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50 Years Since Cuban Missile Crisis

One of the Cold War's gravest superpower confrontations kicked off in earnest on October 14, 1962, when images from a U.S. spy plane confirmed the construction of Soviet missile bases in Cuba, about 150 kilometers from U.S. shores. The nearly two-week standoff that followed is regarded by many as the closest the world has ever come to full-scale war between two nuclear-armed states.

With Cuban leader Fidel Castro (right) fearing a U.S. attack after the disastrous Bay of Pigs invasion in 1961,  Soviet leader Nikita Khrushchev (left) in 1962 ordered the construction of missile installations on Cuba and the deployment of nuclear weapons to the island.
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With Cuban leader Fidel Castro (right) fearing a U.S. attack after the disastrous Bay of Pigs invasion in 1961,  Soviet leader Nikita Khrushchev (left) in 1962 ordered the construction of missile installations on Cuba and the deployment of nuclear weapons to the island.

A sign above the entrance to the U.S. naval base in Guantanamo Bay, Cuba in February 1962, six months before the crisis, reads: Republic of Cuba -- American free territory
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A sign above the entrance to the U.S. naval base in Guantanamo Bay, Cuba in February 1962, six months before the crisis, reads: Republic of Cuba -- American free territory

U.S. aerial reconnaissance in October 1962 produced aerial views of medium-range missile bases on Cuba, confirming the most hawkish U.S. concerns.
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U.S. aerial reconnaissance in October 1962 produced aerial views of medium-range missile bases on Cuba, confirming the most hawkish U.S. concerns.

U.S. President John F. Kennedy (right) meets for two hours with Soviet Foreign Minister Andrei Gromyko (center) and Soviet Ambassador Anatoly Dobrynin in Washington on October 18. The Soviets say aid to Havana is intended to boost the "defensive capabilities of Cuba."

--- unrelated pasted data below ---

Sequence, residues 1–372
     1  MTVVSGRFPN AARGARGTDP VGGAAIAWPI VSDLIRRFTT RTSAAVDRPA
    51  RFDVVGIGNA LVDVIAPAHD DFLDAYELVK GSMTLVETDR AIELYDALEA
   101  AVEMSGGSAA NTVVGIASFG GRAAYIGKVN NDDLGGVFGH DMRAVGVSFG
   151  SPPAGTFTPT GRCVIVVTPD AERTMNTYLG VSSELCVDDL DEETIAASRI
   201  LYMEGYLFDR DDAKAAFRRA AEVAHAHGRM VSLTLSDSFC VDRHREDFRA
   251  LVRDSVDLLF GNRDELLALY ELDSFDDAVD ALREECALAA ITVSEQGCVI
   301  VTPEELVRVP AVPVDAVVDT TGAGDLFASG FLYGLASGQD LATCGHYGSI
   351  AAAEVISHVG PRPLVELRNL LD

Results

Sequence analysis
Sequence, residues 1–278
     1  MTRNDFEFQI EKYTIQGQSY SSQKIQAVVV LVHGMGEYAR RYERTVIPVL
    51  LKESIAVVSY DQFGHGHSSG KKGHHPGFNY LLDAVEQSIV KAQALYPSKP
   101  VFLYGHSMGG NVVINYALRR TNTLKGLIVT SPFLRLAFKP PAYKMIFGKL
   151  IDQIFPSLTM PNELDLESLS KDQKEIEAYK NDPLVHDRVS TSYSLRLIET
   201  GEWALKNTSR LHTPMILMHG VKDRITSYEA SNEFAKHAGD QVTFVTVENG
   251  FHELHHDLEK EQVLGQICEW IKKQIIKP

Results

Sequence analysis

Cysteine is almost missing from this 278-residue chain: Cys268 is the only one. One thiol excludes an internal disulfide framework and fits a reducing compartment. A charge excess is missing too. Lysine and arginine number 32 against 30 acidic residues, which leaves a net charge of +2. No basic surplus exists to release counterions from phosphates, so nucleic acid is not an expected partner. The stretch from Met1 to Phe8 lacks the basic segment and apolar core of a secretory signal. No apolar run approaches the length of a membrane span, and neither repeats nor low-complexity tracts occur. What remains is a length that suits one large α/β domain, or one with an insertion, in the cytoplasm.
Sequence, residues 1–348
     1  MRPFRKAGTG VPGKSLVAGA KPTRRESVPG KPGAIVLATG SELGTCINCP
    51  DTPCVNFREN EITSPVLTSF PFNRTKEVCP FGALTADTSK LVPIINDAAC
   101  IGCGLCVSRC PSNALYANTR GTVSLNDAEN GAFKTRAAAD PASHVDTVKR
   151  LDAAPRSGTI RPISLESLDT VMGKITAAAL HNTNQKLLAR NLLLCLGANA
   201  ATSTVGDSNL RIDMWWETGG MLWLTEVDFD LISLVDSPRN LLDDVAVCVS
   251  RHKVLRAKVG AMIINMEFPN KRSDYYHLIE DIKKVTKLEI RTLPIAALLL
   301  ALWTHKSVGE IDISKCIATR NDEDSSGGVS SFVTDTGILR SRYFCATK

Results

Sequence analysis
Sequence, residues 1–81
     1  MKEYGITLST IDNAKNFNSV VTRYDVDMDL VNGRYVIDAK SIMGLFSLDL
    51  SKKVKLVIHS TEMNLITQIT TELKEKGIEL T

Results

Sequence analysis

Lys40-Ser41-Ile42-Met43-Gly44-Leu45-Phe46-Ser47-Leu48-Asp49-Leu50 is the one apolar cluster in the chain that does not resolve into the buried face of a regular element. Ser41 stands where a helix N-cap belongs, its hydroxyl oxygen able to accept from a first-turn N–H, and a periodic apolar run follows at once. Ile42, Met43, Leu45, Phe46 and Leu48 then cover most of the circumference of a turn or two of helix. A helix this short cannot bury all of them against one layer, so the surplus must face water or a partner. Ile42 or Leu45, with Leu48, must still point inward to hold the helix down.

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U.S. President John F. Kennedy (right) meets for two hours with Soviet Foreign Minister Andrei Gromyko (center) and Soviet Ambassador Anatoly Dobrynin in Washington on October 18. The Soviets say aid to Havana is intended to boost the "defensive capabilities of Cuba."

President Kennedy says in a televised address to the nation on October 22 that "a series of offensive missile sites is now in preparation on [the] imprisoned island" of Cuba. He says their purpose "can be none other than to provide a nuclear-strike capability against the Western Hemisphere."
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President Kennedy says in a televised address to the nation on October 22 that "a series of offensive missile sites is now in preparation on [the] imprisoned island" of Cuba. He says their purpose "can be none other than to provide a nuclear-strike capability against the Western Hemisphere."

The UN Security Council meets in New York on October 23 to take up complaints by the United States, Cuba, and the Soviet Union.
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The UN Security Council meets in New York on October 23 to take up complaints by the United States, Cuba, and the Soviet Union.

With U.S. military forces at alert posture DEFCON 2 for the only time in U.S. history, President Kennedy signs an order on October 24 for a naval blockade of Cuba.
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With U.S. military forces at alert posture DEFCON 2 for the only time in U.S. history, President Kennedy signs an order on October 24 for a naval blockade of Cuba.

Mario Garcia-Inchaustegui, Cuba's ambassador to the UN, seen here (second from left) conferring with Soviet Ambassador Valerian Zorin (right), seeks a Security Council debate on the blockade, which he calls an "act of war unilaterally committed" by the U.S.
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Mario Garcia-Inchaustegui, Cuba's ambassador to the UN, seen here (second from left) conferring with Soviet Ambassador Valerian Zorin (right), seeks a Security Council debate on the blockade, which he calls an "act of war unilaterally committed" by the U.S.

An "Moon" missile deployed during the Cuban missile crisis of 1962 on display at Morro Cabana complex in Havana in 2012.
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An "Moon" missile deployed during the Cuban missile crisis of 1962 on display at Morro Cabana complex in Havana in 2012.

U.S. Secretary of Defense Robert McNamara answers questions from reporters at the Pentagon on October 25, the day that President Kennedy sent a letter to Khrushchev laying the consequences of the crisis squarely on the Soviet leader's shoulders.
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U.S. Secretary of Defense Robert McNamara answers questions from reporters at the Pentagon on October 25, the day that President Kennedy sent a letter to Khrushchev laying the consequences of the crisis squarely on the Soviet leader's shoulders.